With spring tides of over 39 feet expected this weekend, environmentalists have raised fresh concerns that the water which floods portions of the site – where 280 luxury flats are under construction – and is then left to drain back into the sea may be picking up contaminants from landfill used when the area was reclaimed decades ago.
The issue was first brought to light last month as the excavation of the underground car park coincided with high tides and the seawater filled the area.
Photographs and videos of the flooded site and of visibly murky water in the marina have been widely shared among Islanders and in the media.
Environmental groups believe allowing the water to drain into the marina untreated breaches the site’s discharge permit.
On 21 February, environmental protection officers said ‘they were looking into reports’ but one month later, as the site has again flooded, it is unclear what action, if any, has been taken.
In response to questions on what was being done, the JEP was told only that the ‘incident is still under investigation’ and officers ‘were unable to comment further’.
The States press office has confirmed that the incident is being investigated under the Water Pollution (Jersey) Law 2000.
The co-ordinator of Save Our Shoreline Jersey is now calling on Environmental Protection to tell the public what is happening.
The department is ‘failing in its duties to protect the public interest and the environment’, Dave Cabeldu wrote in a letter to the editor published on page 12 today. And he has highlighted the fact that the department is preparing to host a multinational environmental conference on marine biodiversity next week.
‘Jersey is a signatory to the OSPAR Convention and, as such, Jersey has agreed that it is illegal to discharge polluted material into the sea,’ he wrote. ‘The irony of the situation will not be lost on many observers.’
Mr Cabeldu – who recently received an MBE for his conservation work – said more should have been done over the last month.
‘Due to the urgency of the situation, the investigation should by now have been concluded and decisions taken as to how it could be mitigated,’ he wrote.
He said that this weekend ‘there will be two spring tides exceeding 39 feet which could flush out further thousands of gallons of potentially toxic leachate from the Horizon site into the sea via the Elizabeth Marina’.
SOS have questioned whether the water discharge permit issued for the site is sufficient to protect the surrounding area.
Under the terms of the permit, discharge from the site, including groundwater, should be passed ‘through a settlement tank and sand filter’ before it is allowed to soak away at specific designated points.
The permit annex suggests this is to protect the environment from a variety of potential contaminants including arsenic, cadmium, chromium, copper, lead, mercury, nickel and selenium, among others.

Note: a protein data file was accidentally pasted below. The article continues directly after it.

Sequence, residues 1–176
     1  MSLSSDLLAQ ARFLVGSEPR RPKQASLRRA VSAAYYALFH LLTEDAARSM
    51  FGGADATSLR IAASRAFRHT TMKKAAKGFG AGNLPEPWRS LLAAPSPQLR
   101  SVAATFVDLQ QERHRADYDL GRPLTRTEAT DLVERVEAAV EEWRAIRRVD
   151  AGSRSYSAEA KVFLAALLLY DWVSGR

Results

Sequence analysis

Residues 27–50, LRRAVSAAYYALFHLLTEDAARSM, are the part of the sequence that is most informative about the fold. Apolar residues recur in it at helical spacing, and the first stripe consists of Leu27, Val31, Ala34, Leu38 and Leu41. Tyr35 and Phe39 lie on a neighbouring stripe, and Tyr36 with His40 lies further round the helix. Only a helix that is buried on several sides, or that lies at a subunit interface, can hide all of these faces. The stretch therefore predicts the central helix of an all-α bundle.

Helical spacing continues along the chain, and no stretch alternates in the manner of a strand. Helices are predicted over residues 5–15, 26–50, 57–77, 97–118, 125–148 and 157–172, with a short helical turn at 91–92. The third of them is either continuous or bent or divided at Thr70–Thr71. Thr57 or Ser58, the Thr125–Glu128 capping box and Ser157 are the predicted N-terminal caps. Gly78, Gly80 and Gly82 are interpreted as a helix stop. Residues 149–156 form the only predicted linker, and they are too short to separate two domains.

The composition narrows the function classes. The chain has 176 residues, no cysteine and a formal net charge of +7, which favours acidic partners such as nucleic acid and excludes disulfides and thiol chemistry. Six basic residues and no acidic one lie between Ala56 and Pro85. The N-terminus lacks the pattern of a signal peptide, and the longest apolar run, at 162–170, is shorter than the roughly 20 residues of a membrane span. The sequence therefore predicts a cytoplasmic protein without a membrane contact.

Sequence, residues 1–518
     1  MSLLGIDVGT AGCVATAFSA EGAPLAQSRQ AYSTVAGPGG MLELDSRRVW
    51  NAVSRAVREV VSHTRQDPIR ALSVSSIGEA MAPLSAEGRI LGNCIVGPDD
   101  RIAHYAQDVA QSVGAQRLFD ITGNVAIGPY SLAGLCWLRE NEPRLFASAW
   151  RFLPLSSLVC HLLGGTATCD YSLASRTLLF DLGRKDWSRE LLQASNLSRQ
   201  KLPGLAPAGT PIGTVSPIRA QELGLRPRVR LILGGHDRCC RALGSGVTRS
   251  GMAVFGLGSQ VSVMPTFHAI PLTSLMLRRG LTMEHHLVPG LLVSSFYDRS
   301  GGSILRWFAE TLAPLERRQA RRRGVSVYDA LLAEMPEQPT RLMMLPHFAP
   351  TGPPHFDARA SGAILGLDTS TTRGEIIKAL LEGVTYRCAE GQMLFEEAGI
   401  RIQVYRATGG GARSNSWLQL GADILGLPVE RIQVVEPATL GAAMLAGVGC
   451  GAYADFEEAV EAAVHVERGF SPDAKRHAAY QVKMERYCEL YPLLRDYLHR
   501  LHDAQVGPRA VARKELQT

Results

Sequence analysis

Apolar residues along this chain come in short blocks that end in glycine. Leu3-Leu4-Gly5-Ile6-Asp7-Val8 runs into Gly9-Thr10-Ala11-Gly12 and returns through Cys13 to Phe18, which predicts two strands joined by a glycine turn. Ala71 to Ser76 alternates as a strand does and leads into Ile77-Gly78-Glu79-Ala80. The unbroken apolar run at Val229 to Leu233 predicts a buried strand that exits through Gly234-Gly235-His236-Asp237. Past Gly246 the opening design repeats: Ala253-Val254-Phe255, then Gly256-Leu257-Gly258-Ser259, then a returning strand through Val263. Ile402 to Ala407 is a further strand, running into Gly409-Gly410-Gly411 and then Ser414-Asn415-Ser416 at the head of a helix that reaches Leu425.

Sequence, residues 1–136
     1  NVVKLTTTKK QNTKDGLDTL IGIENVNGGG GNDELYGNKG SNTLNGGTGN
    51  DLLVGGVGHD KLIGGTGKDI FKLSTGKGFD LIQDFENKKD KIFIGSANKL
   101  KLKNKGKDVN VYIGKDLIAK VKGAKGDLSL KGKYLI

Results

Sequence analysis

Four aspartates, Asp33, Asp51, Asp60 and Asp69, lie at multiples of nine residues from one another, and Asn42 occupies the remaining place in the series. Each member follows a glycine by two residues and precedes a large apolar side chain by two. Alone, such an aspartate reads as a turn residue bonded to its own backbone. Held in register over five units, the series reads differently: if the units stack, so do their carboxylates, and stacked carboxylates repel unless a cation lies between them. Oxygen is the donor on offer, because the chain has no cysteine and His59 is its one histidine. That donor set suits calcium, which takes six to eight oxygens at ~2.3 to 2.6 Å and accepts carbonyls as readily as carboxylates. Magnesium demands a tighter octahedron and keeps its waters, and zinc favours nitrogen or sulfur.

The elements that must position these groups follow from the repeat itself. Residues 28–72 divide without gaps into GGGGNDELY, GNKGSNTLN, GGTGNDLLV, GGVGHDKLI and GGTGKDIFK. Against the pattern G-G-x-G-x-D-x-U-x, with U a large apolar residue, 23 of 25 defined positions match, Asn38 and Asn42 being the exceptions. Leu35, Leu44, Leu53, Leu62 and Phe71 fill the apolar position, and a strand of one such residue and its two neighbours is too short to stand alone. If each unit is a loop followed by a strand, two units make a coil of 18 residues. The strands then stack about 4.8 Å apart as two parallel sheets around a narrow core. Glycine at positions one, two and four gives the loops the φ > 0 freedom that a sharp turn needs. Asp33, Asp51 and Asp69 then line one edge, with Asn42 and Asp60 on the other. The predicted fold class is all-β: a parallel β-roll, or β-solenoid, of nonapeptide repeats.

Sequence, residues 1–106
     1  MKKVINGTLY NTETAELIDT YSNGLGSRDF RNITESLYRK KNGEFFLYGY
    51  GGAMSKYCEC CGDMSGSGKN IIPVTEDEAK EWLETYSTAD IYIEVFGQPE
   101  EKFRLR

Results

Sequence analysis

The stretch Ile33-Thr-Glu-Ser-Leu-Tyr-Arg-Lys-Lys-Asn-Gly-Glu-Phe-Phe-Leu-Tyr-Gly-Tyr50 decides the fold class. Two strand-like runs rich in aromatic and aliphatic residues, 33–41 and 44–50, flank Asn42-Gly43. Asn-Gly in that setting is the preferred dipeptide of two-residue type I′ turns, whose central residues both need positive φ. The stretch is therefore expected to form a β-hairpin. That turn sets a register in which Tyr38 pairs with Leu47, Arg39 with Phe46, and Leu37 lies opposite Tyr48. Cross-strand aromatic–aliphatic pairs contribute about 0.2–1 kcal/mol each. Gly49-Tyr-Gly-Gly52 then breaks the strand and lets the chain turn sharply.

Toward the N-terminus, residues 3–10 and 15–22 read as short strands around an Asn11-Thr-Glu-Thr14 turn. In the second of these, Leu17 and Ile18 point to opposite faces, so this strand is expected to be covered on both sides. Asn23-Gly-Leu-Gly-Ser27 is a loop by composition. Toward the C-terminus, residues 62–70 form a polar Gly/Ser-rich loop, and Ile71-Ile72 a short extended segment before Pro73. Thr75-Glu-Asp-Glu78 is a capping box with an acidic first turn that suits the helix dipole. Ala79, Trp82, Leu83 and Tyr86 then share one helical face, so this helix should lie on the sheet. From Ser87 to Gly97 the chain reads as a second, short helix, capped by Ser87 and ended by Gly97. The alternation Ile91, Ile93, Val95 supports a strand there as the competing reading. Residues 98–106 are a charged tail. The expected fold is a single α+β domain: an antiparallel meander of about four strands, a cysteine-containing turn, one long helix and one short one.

‘An officer from the department informed a resident that the water discharge permit issued to the contractor did not cover the flushing out of contaminated material to sea but only groundwater accumulating after the initial excavation had been sealed,’ Mr Cabeldu’s letter said.
‘This makes a nonsense of, and is contrary to, the public understanding of the permit.’
The JEP tried to get clarification on whether tidal water is covered by the permit by approaching the government communications unit and sending direct questions to Natural Environment director Willie Peggie and director of Environmental Protection Tim Du Feu. Both responses to the inquiries came back from the communications unit, to say only that the investigation was ongoing and no further comment was being made. Another environmental group watching the situation has been taking their own water samples.
Andrew Le Quesne from Earth Project Jersey collected a sample yesterday as the tide was receding and visibly cloudy water was draining into the north-east corner of Elizabeth Marina.
He said he would be taking the sample to the States analyst.
The French contractors building on the Horizon site were asked for comment but no response was received by the time of going to press.
The States Assembly was told last week that a number of measures had now been implemented to stop silt entering the nearby Elizabeth Marina during high tides.
Assistant Treasury Minister Lyndsay Ash, speaking on behalf of the States as the sole shareholder in the Jersey Development Company, said he had met officials to discuss it.
‘They have installed a geo-textile membrane on the area where the deep excavations are taking place in order to act as a filter which will prevent silt from exiting the site on the fall of large tides,’ he said.
‘And they have committed not to carry out works in the area concerned during high tides, so as not to further disturb the soil.’